In a bid to make its beaches more accessible, Greece is installing free, wheelchair-friendly ramps to ensure people with mobility challenges can access and enjoy the sea.
Vassilis Kikilias, Greece’s tourism minister, announced the initiative at a press conference last month, per the Greek Reporter’s Tasos Kokkinidis. As part of the $16.5 million (€15 million) project, the country is also making accessibility updates to restrooms, changing facilities, parking, snack bars, walkways and other amenities.
In total, the government plans to improve access to 287 beaches across the nation. So far, crews have already completed work on 147 of them.
Kikilias described equal access to the sea as an “inalienable human right” and said the project aims to give people with mobility challenges “the opportunity to participate in beach activities with family and friends, enhancing the quality of life for everyone,” per the Greek Reporter.
“People with disabilities and people with limited mobility can engage in activities such as swimming that contribute to their physical and mental health,” he added.
The centerpiece of the beach accessibility project is a system called Seatrac. Designed by TOBEA, a company headquartered in Arachovitika, Greece, Seatrac is a remote-operated ramp with a sliding chair that can move beach-goers into the water.
“I like that wheelchair users can use [Seatrac] independently without needing assistance,” says Kristin Secor, creator of blog World on Wheels, to the Washington Post’s Andrea Sachs. “It looks like transferring from one’s wheelchair to the device is relatively easy.”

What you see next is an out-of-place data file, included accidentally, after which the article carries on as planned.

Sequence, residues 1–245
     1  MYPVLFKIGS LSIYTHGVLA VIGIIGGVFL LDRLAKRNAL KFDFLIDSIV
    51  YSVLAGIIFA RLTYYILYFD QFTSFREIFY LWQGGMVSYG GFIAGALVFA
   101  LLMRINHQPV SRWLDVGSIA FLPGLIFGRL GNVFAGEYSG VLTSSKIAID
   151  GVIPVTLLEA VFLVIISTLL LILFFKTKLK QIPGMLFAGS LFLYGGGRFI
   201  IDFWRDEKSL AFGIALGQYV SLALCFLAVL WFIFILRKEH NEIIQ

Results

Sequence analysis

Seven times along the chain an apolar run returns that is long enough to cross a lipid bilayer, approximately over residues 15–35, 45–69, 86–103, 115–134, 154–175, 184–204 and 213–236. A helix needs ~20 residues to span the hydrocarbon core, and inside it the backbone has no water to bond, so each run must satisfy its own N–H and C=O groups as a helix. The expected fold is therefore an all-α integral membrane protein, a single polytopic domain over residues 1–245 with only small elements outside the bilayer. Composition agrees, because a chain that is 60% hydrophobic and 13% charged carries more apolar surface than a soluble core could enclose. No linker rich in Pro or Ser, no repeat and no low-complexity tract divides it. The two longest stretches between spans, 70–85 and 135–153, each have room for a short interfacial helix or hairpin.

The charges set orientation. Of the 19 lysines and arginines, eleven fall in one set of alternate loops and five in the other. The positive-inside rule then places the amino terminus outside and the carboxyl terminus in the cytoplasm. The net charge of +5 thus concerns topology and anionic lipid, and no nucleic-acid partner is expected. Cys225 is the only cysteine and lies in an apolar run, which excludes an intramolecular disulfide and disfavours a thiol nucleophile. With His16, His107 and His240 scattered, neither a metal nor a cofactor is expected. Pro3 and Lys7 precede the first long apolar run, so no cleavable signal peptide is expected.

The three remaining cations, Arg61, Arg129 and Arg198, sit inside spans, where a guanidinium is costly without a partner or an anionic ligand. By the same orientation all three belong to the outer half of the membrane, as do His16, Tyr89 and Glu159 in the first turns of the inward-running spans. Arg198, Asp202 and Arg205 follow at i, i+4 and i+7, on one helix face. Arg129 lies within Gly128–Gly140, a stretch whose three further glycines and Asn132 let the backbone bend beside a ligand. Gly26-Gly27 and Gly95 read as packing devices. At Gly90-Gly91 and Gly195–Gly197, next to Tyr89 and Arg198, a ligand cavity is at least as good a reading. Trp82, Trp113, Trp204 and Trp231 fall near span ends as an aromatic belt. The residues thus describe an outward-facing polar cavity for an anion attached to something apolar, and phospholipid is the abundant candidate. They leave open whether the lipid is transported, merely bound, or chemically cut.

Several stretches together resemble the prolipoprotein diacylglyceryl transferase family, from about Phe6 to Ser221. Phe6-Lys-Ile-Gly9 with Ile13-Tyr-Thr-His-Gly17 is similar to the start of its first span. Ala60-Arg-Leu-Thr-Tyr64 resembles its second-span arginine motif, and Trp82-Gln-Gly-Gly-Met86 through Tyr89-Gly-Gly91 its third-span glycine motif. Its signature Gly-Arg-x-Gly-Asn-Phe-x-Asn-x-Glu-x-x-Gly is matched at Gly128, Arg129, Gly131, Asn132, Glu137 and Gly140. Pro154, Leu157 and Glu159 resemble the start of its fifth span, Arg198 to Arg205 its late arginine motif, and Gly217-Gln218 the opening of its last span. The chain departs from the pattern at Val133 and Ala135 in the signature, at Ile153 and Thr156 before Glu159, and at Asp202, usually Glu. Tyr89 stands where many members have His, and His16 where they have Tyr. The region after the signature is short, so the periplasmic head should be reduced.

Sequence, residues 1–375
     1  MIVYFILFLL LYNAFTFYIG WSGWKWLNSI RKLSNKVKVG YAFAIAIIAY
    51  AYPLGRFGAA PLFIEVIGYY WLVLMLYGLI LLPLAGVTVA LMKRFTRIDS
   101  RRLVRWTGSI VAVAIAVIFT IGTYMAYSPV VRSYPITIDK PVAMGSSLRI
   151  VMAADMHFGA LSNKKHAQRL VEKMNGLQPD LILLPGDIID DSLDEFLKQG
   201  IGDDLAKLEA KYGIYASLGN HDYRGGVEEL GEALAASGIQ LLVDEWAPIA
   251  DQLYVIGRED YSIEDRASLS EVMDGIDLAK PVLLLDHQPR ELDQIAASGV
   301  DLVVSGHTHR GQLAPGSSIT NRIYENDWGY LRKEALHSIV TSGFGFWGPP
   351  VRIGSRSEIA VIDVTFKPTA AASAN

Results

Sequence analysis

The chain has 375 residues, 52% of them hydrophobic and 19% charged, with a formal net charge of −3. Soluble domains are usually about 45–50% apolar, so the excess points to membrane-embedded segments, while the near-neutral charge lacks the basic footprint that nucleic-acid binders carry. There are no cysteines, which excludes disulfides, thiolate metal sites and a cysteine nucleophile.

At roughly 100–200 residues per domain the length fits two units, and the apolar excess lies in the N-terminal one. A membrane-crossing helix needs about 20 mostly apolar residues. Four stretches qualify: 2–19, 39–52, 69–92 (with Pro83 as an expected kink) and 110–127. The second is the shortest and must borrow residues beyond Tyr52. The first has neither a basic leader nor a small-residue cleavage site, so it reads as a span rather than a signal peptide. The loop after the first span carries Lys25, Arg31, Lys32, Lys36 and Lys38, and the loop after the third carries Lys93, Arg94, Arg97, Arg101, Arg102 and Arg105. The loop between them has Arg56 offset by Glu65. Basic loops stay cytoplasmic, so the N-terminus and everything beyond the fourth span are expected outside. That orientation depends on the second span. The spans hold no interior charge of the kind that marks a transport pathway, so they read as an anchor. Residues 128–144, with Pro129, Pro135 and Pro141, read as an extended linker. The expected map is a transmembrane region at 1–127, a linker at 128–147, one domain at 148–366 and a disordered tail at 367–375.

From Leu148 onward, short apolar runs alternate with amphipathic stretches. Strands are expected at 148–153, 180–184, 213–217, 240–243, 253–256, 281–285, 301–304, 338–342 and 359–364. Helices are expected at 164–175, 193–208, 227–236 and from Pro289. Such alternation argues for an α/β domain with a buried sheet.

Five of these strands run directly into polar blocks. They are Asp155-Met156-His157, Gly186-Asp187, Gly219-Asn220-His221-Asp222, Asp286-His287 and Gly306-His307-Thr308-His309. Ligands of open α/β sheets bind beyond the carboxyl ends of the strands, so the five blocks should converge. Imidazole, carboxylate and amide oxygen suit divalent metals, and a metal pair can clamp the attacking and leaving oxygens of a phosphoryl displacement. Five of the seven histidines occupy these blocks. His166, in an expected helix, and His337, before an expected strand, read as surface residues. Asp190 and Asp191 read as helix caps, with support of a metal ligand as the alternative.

To operate the solar-powered system, users first adjust the height of the Seatrac chair and lift themselves into it. Then, using a waterproof remote, they can move along a ramp toward the water. At the end of the ramp, handrails are available to help users get out of and back into the chair.
If a location doesn’t have a waterproof remote, users can also get one from TOBEA for free. Wooden pathways leading up to the ramps mean that beachgoers don’t have to walk or roll along the sand, which can be a challenge. The technology is only designed to be used when the seas are calm, according to Seatrac’s FAQ page.
“Seatrac does not provide only independent access to the sea,” says Ignatios Fotiou, who helped develop the technology, to the Washington Post. “It provides dignity and independence to people with mobility issues that want to enjoy swimming. They can choose where to go and ask their friends to join them, not the other way around.”
Beyond its beaches, Greece has been taking other steps to make its tourist attractions more accessible. In 2019, the government began requiring all passenger vessels and ferries to be accessible to people with mobility challenges.
In 2020, the country installed a new wheelchair-friendly elevator at the Acropolis complex, going on to add a wheelchair-friendly path the following year. Some politicians opposed the changes, which they criticized as harmful to the country’s cultural heritage, reported Reuters’ Deborah Kyvrikosaios in 2021. But as Lina Mendoni, the nation’s culture minister, said, “[Giving] joy to people is perhaps just as significant as the protection of our cultural goods.”
"I have seen people in wheelchairs who came up for the first time and felt happy," she added.